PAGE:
Maine Pilots interesting op eds


#1

Saw these recently in the Portland Press Herald:


#2

#3

Capt Strong’s argument that a pilot is needed as a check on the captain’s authority is very weak to say the least.


#4

Bay Ferries should be able to employ their own in-house pilots that remain onboard as part of the crew through out the voyage, same as most other ferries do. The USCG should specify the required federal pilot on the COI.

The State Pilotage Board and the Portland Pilots should be told to “go to hell.” Maine Governor Paul LaPage is just the right man to tell them to “go to hell.”

The US Attorney should prosecute the members of the state pilotage board and the Portland pilots for what they are, organized crime, under the criminal RICO statute.

Bay Ferries should amend their complaint to add civil RICO claims against the pilots and the pilotage board members. It’s a matter of principle, so no settlement. Take it to a jury trial, and if necessary up on appeal.


#5

I would disagree, although I wouldn’t have used the word authority. While you may be a prudent mariner there are many that are not and would just as soon place personnel, environment, and infrastructure at great risk for the gain of their owners and in these instances the Pilot is a check.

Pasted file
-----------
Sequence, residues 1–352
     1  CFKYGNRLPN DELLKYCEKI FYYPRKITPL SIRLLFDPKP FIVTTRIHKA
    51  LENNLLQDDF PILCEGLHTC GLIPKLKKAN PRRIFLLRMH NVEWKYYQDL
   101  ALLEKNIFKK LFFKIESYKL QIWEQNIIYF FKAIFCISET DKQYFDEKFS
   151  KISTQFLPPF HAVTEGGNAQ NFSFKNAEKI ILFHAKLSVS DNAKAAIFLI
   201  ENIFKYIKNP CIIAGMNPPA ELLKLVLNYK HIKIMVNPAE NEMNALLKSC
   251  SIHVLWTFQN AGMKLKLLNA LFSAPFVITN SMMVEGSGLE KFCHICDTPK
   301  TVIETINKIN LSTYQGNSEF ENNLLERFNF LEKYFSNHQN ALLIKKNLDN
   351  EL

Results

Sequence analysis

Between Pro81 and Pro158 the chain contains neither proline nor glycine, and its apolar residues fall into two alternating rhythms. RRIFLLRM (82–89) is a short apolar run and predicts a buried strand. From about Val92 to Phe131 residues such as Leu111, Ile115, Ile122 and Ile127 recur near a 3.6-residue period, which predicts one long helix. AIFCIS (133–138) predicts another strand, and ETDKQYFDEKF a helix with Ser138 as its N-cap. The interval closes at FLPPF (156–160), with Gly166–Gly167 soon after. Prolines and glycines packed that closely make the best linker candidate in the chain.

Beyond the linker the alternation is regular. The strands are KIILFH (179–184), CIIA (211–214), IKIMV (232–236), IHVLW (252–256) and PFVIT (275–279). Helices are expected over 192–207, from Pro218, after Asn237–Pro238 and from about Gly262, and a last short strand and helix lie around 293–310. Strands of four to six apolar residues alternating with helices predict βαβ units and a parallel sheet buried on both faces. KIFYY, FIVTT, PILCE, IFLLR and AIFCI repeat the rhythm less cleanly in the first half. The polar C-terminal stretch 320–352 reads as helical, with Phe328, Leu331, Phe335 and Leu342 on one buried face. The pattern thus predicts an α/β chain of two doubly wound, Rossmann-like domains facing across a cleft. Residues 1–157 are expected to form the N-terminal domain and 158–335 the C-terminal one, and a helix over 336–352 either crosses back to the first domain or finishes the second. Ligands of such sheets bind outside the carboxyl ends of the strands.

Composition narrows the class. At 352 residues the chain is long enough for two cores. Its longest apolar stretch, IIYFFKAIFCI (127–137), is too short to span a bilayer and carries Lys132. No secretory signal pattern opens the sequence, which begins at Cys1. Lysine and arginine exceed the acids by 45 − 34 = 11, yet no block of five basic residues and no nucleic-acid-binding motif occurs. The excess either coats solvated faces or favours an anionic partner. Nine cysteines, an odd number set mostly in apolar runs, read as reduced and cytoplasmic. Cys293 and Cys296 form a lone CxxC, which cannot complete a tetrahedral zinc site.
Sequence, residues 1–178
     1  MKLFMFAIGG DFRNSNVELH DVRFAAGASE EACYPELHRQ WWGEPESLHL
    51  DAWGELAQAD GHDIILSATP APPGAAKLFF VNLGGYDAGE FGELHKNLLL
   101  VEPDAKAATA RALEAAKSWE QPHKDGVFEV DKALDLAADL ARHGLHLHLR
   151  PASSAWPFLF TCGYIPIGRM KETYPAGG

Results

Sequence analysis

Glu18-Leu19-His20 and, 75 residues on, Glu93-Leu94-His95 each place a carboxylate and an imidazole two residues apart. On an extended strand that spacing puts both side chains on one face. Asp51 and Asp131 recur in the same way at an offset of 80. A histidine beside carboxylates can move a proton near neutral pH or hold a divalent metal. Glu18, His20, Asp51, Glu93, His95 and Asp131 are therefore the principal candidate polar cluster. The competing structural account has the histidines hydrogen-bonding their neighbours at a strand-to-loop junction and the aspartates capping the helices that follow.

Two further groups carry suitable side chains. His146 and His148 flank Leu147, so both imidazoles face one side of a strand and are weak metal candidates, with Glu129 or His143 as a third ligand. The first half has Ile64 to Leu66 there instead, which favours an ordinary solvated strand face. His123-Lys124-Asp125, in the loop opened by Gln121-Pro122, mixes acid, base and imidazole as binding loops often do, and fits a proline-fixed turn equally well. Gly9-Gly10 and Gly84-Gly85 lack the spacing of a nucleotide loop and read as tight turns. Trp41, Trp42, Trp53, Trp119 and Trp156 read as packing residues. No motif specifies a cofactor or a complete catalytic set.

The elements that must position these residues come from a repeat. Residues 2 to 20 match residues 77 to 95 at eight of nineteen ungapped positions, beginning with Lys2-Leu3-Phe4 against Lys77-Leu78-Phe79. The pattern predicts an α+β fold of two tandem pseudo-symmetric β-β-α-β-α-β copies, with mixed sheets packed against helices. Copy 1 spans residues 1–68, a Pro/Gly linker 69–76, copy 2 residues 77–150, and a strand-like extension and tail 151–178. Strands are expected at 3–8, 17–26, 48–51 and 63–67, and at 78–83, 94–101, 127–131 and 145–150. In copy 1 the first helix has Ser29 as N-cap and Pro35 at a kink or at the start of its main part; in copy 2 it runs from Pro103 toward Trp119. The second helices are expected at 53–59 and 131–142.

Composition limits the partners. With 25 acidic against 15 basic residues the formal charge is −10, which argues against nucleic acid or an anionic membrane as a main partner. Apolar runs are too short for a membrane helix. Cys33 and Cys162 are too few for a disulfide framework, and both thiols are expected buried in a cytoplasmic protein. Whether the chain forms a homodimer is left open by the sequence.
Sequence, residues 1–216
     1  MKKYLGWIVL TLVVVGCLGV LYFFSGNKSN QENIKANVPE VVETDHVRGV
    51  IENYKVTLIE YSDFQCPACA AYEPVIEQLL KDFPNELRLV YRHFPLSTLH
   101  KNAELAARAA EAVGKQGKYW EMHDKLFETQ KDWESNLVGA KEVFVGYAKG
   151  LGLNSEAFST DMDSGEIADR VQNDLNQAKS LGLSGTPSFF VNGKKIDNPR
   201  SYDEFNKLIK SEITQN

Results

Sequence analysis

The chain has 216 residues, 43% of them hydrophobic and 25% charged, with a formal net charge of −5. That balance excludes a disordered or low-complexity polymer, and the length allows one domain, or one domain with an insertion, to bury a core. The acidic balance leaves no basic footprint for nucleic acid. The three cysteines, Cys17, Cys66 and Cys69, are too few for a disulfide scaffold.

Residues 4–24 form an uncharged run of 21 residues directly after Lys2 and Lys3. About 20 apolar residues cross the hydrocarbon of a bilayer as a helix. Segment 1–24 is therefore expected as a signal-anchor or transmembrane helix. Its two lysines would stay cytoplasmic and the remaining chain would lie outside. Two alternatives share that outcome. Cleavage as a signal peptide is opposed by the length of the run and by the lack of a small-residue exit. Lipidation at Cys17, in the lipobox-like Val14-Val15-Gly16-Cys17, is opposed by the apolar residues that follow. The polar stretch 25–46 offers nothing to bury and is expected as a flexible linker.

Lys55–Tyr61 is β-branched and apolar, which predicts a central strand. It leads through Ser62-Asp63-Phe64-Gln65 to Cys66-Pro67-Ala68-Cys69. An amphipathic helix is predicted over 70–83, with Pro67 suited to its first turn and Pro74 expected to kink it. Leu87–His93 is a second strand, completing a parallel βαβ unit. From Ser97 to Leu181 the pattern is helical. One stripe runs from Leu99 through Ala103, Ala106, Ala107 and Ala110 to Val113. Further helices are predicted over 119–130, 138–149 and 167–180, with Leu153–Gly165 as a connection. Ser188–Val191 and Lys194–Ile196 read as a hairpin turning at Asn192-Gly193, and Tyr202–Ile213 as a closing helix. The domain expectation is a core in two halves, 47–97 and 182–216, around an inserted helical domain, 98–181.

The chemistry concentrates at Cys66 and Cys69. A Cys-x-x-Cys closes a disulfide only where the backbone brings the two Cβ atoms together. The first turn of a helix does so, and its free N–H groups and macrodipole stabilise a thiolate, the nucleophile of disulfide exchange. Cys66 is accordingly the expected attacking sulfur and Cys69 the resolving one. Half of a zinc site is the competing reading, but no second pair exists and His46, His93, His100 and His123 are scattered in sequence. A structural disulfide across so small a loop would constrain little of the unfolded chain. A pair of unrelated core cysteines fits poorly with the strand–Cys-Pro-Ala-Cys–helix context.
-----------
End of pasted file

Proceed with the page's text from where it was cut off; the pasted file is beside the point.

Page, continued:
#6

I don’t think this is possible on a foreign flag vessel as the USCG would have no say on the COI. Furthermore, it is outside of the USCG jurisdiction to determine the pilot requirements as that is up to the State of Maine, again because the vessel is sailing foreign and carries a foreign flag. If these ferries were to fly the Stars and Stripes (good question: why aren’t they?) and were running coastwise it would be a different story.

As far as company pilots…they work for the company, not as agents of the state so they simply cannot be trusted to act in the States best interest.

It is abundantly clear you have issues with the State Pilotage systems, but their safety record is clear and it works which is why States and Industry allow it remain the way it is.


#7